REV HALE: (speaking with Elizabeth about Proctor who is sentenced to hang later that day if he does not confess to witchcraft) Let you not mistake your duty as I mistook my own. I came into this village like a bridegroom to his beloved, bearing gifts of high religion; the very crowns of holy law I brought, and what I touched with my bright confidence, it died; and where I turned the eye of my great faith, blood flowed up. Beware, Goody Proctor - cleave to no faith when faith brings blood. It is mistaken law that leads you to sacrifice. Life, woman, life is God's most precious gift; no principle, however glorious, may justify the taking of it. I beg you, woman, prevail upon your husband to confess. Let him give his lie. Quail not before God's judgement in this, for it may well be God damns a liar less than he that throws his life away for pride. Will you plead with him? I cannot think he will listen to another.
REV. SAMUEL PARRIS: Now tell me true, Abigail. And I pray you feel the weight of truth upon you, for now my ministry’s at stake, my ministry and perhaps your cousin’s life. Whatever abomination you have done, give me all of it now, for I dare not be taken unaware when I go before them down there. Abigail, I have fought here three long years to bend these stiff-necked people to me, and now, just now when there must be some good respect for me in the parish, you compromise my very character. I have given you a home, child, I have put clothes upon your back—now give me upright answer:--- your name in the town-----it is entirely white, is it not? Abigail, is there any other cause than you have told me, for Goody Proctor discharging you? It has troubled me that you are now seven months out of their house, and in all this time no other family has ever called for your service.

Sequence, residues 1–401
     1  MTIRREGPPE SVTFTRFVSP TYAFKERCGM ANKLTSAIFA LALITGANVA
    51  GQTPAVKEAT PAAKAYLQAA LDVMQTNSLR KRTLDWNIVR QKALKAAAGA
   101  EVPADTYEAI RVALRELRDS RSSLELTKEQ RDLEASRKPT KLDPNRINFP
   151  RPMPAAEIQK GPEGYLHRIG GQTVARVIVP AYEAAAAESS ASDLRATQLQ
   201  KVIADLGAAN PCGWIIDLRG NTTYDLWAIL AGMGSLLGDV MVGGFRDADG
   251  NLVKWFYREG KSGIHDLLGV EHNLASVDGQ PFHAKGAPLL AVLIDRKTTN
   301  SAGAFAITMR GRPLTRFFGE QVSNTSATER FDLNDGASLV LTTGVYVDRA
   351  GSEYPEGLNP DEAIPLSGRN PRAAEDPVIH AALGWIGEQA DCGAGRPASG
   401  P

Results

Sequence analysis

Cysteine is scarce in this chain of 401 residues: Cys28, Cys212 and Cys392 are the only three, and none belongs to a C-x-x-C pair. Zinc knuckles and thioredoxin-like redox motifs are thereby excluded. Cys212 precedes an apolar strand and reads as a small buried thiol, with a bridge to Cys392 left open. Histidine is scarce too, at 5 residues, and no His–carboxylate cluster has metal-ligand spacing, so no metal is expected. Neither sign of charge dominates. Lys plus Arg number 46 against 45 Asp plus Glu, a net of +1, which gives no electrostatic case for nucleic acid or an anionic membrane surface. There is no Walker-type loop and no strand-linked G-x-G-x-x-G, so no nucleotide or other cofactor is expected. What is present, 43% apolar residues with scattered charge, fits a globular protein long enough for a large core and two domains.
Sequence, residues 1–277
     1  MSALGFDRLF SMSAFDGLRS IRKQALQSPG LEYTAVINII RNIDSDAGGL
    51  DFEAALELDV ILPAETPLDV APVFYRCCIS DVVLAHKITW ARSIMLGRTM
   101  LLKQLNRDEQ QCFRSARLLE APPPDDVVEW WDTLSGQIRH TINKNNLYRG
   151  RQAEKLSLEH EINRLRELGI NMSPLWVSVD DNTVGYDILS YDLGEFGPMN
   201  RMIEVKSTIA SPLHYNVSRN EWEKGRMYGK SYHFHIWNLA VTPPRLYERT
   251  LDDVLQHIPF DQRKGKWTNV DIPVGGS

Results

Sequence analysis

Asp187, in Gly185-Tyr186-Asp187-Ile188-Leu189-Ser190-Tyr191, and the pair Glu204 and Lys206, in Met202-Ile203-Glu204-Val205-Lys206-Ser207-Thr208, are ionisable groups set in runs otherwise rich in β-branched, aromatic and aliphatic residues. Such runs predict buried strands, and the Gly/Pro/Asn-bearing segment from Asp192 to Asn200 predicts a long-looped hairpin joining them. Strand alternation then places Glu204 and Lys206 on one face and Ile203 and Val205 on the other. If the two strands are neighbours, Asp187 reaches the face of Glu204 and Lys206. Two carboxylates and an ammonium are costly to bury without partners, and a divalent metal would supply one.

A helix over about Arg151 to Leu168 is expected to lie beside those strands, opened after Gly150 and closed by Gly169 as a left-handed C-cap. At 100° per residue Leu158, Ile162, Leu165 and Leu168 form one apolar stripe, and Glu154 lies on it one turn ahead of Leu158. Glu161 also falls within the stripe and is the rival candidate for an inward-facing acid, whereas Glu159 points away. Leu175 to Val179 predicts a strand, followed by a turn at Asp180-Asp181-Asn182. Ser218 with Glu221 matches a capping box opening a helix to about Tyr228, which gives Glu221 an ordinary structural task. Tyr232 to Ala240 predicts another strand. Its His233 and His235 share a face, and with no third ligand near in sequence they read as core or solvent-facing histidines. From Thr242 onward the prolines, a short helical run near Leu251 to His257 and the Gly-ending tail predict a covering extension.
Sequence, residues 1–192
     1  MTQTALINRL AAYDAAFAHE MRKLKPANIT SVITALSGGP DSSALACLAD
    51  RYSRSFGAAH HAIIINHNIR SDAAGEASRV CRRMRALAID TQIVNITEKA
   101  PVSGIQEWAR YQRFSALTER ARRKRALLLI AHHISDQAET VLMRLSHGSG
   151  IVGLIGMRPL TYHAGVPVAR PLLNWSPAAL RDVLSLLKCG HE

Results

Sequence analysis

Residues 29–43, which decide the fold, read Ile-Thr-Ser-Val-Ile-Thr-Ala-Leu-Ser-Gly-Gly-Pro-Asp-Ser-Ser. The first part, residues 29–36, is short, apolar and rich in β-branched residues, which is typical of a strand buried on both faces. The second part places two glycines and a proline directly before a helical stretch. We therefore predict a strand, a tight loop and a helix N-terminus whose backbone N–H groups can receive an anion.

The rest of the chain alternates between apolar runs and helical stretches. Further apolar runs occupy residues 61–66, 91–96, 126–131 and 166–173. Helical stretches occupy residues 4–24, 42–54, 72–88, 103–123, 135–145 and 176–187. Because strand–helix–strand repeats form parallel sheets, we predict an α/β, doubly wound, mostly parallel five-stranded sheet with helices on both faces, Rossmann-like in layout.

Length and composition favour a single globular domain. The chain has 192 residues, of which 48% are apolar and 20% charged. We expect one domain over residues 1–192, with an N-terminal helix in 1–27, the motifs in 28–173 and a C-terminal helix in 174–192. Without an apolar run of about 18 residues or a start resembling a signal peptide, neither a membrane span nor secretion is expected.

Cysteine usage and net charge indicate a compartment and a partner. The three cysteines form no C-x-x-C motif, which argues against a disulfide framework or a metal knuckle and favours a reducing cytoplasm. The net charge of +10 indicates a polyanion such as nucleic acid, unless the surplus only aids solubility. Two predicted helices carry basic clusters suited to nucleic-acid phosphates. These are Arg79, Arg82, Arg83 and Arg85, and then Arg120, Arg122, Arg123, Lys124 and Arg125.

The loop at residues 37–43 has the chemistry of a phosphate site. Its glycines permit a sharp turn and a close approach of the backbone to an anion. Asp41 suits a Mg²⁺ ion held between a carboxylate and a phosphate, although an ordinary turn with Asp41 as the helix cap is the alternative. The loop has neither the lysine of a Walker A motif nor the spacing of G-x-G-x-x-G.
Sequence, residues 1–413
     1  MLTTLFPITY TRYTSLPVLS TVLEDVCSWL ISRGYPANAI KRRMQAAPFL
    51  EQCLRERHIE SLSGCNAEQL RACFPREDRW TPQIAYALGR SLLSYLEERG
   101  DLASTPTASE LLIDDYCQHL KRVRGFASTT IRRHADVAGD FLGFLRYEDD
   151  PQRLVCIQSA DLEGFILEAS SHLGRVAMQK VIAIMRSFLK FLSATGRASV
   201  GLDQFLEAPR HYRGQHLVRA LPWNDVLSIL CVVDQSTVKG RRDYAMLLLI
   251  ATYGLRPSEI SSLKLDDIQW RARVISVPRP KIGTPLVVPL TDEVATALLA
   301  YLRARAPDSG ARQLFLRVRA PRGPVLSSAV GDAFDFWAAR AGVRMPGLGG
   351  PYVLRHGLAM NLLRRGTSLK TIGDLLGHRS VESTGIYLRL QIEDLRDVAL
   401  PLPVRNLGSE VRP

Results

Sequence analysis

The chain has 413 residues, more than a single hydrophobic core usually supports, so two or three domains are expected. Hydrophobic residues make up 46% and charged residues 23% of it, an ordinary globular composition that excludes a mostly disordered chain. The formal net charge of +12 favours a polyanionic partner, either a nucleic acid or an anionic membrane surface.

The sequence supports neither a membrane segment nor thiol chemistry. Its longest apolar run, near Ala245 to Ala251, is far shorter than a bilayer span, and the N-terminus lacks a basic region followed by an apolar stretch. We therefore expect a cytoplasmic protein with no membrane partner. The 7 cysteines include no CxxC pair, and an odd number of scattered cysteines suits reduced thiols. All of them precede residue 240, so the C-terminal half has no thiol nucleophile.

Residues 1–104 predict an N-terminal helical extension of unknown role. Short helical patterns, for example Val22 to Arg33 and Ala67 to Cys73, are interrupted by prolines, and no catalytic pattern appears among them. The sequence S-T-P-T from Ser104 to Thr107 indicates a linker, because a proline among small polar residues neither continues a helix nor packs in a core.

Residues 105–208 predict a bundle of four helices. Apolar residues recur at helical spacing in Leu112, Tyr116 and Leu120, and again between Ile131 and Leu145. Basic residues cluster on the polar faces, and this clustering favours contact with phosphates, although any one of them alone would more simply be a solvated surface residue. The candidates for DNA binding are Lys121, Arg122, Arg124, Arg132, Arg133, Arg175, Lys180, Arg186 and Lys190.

JOHN PROCTOR (admitting to having an affair with 19-year-old Abigail to the courts in order to save his wife’s life) In what time and place? In the proper place, where my beasts are bedded. Eight months now, sir, it is eight months. She used to serve me in my house, sir. A man may think God sleeps, but God sees everything. I know it now. I beg you, sir, I beg you—see her what she is. My wife, my dear good wife took this girl soon after, sir, and put her out on the high road. And being what she is, a lump of vanity, sir. Excellency, forgive me, forgive me. She thinks to dance with me on my wife’s grave! And well she might! For I thought of her softly. God help me, I lusted, and there is a promise in such sweat! But it is a whore’s vengeance, and you must see it; I set myself entirely in your hands, I know you must see it now. My wife is innocent, except she know a harlot when she see one!
GILES COREY: That bloody mongrel Walcott charge her. Y’see, he buy a pig of my wife four or five year ago, and the pig died soon after. So he come dancin’ in for his money back. So my Martha, she says to him, “Walcott, if you haven’t the wit to feed a pig properly, you’ll not live to own many,” she says. Now he goes to court and claims that from that day to this he cannot keep a pig alive for more than four weeks because my Martha bewitch them with her books!
FRANCIS NURSE: We are desperate, sir; we come here three days now and cannot be heard. Excellency, we have proof for your eyes; God forbid you shut them to it. The girls, sir, the girls are frauds. We have proof of it, sir. Excellency, I never thought to say it to such a weighty judge, but you are deceived.